Australia’s changing religious profile-rising nones and Pentecostals, declining British Protestants in superdiversity: views from the 2016 census

Gary D. Bouma, Anna Halafoff

Research output: Contribution to journalArticleResearchpeer-review

22 Citations (Scopus)

Abstract

The 2016 Australian Census reveals continued change in Australia’s religious diversity. While reviewing some of the highlights of this development–the continuing increase in the ‘no religion’ category, the first ever decline in Catholic numbers, and the rise of Hindus and Sikhs–several religious groups, which are not usually combined in the census, actually when grouped together represent most of the Pentecostal and charismatic churches and form the fourth largest religious group in Australia. These changes are set in a comparative context, internationally and intergenerationally. The religious diversity and Anglican retention rates of Stonnington–one of Melbourne’s 21 Cities–are examined as a window on local diversity and change. Finally, we discuss three main categories of religion in contemporary Australia: the ‘nones’; the spiritual but not religious; and the religious and spiritual. The data reveal a new context of superdiversity in Australia.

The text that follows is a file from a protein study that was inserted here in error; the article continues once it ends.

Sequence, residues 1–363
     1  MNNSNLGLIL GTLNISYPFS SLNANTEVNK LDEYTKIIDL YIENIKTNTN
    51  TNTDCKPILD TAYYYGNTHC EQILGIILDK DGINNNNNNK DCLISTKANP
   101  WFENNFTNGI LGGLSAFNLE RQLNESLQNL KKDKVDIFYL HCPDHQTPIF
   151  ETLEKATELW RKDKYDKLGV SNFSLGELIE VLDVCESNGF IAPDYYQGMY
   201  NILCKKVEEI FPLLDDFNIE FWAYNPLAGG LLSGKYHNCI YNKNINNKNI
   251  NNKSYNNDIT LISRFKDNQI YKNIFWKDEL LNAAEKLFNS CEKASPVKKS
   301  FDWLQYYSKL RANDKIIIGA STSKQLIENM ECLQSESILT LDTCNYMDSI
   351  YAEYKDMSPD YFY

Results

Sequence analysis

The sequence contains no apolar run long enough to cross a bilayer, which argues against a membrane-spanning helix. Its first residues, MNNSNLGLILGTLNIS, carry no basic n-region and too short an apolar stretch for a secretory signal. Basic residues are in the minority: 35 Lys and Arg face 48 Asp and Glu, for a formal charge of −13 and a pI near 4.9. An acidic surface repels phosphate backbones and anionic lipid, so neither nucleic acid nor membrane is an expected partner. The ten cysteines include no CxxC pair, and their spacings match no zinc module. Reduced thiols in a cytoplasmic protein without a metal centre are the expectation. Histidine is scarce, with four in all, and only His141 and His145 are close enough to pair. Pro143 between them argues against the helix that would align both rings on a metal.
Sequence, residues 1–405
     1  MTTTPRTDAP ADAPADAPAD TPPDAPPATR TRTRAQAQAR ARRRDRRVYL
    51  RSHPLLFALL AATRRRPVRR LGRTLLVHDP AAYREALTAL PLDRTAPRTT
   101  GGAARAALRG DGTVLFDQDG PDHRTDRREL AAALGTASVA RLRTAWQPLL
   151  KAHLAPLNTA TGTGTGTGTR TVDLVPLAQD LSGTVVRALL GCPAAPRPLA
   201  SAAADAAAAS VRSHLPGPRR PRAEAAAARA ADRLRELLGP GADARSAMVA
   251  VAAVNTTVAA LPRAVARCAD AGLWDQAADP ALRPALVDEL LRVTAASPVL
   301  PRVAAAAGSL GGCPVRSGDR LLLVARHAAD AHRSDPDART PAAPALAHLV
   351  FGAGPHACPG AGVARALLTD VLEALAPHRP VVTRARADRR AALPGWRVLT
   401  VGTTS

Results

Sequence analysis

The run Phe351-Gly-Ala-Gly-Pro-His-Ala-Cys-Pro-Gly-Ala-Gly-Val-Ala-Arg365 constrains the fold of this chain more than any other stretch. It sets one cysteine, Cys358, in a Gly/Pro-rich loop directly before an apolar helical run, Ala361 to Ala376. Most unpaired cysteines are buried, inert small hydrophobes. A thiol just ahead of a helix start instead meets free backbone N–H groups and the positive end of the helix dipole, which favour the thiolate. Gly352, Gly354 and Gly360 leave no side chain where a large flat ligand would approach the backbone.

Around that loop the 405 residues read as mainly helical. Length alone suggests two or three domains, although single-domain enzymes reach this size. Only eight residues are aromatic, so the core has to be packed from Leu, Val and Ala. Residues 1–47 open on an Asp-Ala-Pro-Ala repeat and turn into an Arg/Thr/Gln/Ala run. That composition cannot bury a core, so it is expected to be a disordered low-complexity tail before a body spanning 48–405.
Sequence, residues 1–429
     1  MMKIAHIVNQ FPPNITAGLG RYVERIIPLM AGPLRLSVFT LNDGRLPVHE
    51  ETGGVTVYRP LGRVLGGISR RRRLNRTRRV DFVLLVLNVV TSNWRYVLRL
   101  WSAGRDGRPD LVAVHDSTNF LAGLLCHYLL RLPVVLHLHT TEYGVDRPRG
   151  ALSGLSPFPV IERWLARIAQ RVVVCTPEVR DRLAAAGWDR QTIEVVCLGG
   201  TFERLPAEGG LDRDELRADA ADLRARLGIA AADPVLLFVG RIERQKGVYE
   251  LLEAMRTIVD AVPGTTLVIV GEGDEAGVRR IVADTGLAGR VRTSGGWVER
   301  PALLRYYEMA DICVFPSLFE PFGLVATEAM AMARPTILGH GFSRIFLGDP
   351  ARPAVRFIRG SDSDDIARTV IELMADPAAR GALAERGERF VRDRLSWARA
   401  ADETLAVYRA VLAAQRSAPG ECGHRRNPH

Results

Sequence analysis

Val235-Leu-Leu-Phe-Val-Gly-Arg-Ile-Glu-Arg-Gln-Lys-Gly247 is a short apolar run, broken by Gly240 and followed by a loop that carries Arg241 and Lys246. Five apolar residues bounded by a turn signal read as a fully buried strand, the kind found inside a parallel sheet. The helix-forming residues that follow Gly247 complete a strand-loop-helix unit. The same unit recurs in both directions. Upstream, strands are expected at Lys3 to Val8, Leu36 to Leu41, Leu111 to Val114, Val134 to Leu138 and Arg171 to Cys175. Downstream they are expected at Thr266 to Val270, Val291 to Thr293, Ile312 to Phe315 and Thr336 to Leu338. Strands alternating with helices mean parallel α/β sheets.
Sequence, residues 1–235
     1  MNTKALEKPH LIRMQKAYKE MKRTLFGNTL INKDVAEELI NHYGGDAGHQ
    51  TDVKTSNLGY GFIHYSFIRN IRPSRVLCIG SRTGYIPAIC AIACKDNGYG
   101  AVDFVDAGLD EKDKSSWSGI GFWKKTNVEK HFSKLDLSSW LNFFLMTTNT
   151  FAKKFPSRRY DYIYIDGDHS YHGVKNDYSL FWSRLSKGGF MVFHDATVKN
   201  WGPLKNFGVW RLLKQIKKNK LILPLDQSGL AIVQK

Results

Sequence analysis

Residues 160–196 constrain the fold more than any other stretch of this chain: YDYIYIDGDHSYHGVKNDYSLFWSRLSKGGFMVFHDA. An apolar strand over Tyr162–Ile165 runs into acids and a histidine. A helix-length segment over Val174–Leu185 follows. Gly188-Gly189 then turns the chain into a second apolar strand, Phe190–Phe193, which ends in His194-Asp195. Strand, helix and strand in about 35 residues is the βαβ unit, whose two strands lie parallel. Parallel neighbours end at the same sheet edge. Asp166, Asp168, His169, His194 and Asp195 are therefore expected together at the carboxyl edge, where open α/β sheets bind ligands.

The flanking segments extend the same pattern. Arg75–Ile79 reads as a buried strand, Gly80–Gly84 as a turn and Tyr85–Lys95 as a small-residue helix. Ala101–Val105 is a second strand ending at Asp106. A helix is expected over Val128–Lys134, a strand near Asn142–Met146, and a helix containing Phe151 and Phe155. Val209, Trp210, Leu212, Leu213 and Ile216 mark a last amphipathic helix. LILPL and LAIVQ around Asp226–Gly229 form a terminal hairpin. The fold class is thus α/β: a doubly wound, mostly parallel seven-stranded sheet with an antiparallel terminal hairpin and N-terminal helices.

Original languageEnglish
Pages (from-to)129-143
Number of pages15
JournalJournal for the Academic Study of Religion
Volume30
Issue number2
DOIs
Publication statusPublished - Nov 2017

Keywords

  • Religious diversity
  • Religious ʼnones’
  • Superdiversity
  • youth and religion

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